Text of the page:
New construction in Panama, such as homes and condominiums, benefit from a tax exoneration ranging from 5 to 20 years. This exoneration is a benefit which stays with the property, not with the purchaser. As such, if you purchase a property with a 20 year exoneration that is nine years old, you will still benefit from an 11 year tax exemption. All properties which had construction permits approved by July 1, 2009 and filed by December 31, 2011 benefit from the 20 year exoneration.
Per current law, new construction projects (those with approvals granted after July 1, 2009, or registrations filed after 2011) benefit from a tax exemption of 5 – 20 years, depending on the value of the property and relationship of the project to Panama’s tourism industry. Barring projects with specific tourism designations, residential properties are now exonerated according to the following scale:
20 years Up to US$ 120,000.00
10 years From US$ 120,000.00 to US$ 300,000.00
5 years Above US$ 300,000.00
Commercial Use/Non-residential improvements have a 10 year exoneration no matter the property value
In addition to new construction, Article 764 of the Panamanian Tax Code indicates additional properties which are exempt from property tax. These include
1. Properties registered at a value of $30,000 or less including improvements to the land
2. Land used exclusively for farming and registered with the Ministry of Agriculture and Development as valued less than $150,000. The tax basis is understood as being the value of the land plus the improvement.
The property tax rate on all other properties is as follows:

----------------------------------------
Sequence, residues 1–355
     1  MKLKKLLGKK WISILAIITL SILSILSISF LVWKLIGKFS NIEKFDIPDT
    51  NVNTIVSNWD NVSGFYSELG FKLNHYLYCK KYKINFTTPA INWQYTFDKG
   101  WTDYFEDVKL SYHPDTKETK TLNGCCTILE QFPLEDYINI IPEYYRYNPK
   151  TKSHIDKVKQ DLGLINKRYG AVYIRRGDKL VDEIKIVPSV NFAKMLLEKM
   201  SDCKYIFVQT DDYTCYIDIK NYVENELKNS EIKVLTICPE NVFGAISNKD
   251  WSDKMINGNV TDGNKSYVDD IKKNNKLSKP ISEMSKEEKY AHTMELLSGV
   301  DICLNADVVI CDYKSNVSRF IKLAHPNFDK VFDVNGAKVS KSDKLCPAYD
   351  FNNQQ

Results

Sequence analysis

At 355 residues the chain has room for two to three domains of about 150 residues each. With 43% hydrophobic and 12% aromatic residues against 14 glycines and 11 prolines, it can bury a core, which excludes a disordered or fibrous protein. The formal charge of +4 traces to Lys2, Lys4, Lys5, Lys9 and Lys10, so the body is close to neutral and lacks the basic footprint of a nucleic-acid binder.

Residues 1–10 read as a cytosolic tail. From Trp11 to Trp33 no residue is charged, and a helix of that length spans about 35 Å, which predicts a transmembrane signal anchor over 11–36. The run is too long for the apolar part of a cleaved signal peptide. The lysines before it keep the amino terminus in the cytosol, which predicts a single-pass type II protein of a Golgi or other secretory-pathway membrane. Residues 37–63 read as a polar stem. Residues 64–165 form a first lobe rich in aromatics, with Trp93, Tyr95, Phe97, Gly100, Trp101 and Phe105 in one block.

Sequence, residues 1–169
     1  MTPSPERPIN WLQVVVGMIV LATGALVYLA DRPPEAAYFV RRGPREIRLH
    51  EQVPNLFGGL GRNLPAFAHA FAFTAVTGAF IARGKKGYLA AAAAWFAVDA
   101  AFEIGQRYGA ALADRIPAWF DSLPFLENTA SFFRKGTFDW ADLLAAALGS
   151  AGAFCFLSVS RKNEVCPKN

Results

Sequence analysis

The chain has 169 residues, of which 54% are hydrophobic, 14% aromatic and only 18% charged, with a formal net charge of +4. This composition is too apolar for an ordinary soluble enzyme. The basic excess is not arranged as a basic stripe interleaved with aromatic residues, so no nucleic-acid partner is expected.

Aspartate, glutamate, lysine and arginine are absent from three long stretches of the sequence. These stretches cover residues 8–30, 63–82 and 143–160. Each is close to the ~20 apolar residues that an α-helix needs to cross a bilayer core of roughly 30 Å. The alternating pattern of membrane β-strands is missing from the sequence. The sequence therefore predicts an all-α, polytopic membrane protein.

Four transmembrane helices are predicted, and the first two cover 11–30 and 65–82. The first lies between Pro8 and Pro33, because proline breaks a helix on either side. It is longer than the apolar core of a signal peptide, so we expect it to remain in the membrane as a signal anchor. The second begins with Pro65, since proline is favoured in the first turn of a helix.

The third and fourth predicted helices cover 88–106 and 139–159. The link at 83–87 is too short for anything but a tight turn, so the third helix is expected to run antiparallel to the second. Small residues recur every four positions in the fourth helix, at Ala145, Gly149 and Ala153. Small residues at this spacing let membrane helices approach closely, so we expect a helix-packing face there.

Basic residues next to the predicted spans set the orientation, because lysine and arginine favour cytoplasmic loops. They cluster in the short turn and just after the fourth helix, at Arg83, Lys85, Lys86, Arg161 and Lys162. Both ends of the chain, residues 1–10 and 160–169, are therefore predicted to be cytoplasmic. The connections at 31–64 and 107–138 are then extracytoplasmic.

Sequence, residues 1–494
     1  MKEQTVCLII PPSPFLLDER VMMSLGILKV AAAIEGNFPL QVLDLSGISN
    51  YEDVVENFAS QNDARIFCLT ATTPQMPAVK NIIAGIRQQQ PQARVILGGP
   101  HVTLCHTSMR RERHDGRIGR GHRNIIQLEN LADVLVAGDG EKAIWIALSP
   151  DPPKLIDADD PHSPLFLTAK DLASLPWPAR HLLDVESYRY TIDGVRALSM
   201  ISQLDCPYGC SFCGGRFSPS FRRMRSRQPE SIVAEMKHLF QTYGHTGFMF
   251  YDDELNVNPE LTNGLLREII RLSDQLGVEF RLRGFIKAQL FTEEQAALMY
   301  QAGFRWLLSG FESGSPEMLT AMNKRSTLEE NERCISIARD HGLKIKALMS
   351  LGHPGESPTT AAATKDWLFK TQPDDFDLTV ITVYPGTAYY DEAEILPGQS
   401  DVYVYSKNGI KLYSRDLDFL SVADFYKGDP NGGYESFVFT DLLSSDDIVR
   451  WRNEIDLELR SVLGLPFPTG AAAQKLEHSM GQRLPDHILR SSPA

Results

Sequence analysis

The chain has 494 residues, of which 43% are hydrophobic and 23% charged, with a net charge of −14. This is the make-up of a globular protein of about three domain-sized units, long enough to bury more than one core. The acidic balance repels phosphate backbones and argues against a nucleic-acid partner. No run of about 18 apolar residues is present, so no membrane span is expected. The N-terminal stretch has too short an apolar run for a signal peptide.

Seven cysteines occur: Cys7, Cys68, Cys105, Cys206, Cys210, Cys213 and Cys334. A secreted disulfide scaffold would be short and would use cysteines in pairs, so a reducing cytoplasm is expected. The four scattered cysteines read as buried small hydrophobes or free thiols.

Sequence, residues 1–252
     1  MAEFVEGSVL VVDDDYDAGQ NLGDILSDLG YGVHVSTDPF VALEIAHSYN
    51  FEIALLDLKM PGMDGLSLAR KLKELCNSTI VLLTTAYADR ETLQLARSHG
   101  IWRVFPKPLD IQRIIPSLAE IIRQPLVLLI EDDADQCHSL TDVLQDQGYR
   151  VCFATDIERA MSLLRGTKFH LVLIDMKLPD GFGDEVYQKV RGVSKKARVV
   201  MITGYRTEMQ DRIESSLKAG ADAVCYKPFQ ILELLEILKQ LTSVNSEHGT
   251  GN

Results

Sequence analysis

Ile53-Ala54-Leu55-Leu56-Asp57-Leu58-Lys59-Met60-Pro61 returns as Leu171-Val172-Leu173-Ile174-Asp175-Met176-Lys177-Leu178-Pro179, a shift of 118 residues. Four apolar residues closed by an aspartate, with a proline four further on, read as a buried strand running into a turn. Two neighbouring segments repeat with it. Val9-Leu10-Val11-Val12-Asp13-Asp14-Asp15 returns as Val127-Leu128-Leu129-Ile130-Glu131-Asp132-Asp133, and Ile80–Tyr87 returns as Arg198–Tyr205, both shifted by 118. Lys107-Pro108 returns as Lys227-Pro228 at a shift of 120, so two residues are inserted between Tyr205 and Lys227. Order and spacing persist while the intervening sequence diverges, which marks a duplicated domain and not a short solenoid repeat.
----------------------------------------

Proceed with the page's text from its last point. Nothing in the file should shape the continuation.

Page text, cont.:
|Registered Value of Property||Yearly Tax Percentage|
|30,001 – 50,000||1.75%|
|50,001 – 75,000||1.95%|
As an example, if you have a property valued at 100,000 USD that does not qualify for an exemption, you would pay the following in property taxes:
0.00% on the first $30,000 = $ 0.00
1.75% on the next $20,000 = $350.00
1.95% on the next $25,000 = $487.50
2.10% on the next $25,000 = $525.00
Total Tax Burden = $1,362.50
Note it is important not to take property tax exonerations for granted. While they are a property owner’s right by law, they must be applied for and properly registered. On purchases of new construction, developers will usually handle this for the buyer, but mistakes can be made. Have your lawyer confirm the exoneration is properly registered. In addition, when title to a property is transferred in the public registry, resulting in an increase to the registered value, application usually must be made to adjust accordingly the registered exoneration to take full advantage of the law. We have seen many cases where buyers were not aware that their exonerations were improperly registered, or needed to be adjusted, and as such they realized they had an onerous property tax bill to deal with at the time of sale. Again, these problems can be avoided by having an attorney verify your exoneration is properly registered.
In addition, it is important to note that exonerations only apply to the improvements on a property. They do not apply to the land itself. In a residential condominium, the property tax burden on the land will be shared by all the condo owners in the building. This tax is generally less than $500/year, and is charged in three installments annually. A 10% discount is applicable if the entire annual tax is paid within the first 30 days of the year. Interest and penalties apply when taxes are not paid. Paying your tax bill on time reduces your tax burden, and is also another way to ensure being alerted if a tax exoneration is not properly registered.
Contact us for more information regarding property taxes in Panama and how they may pertain to your purchase decision. With a finca number and owner name, we can even do a quick review of your registered exoneration!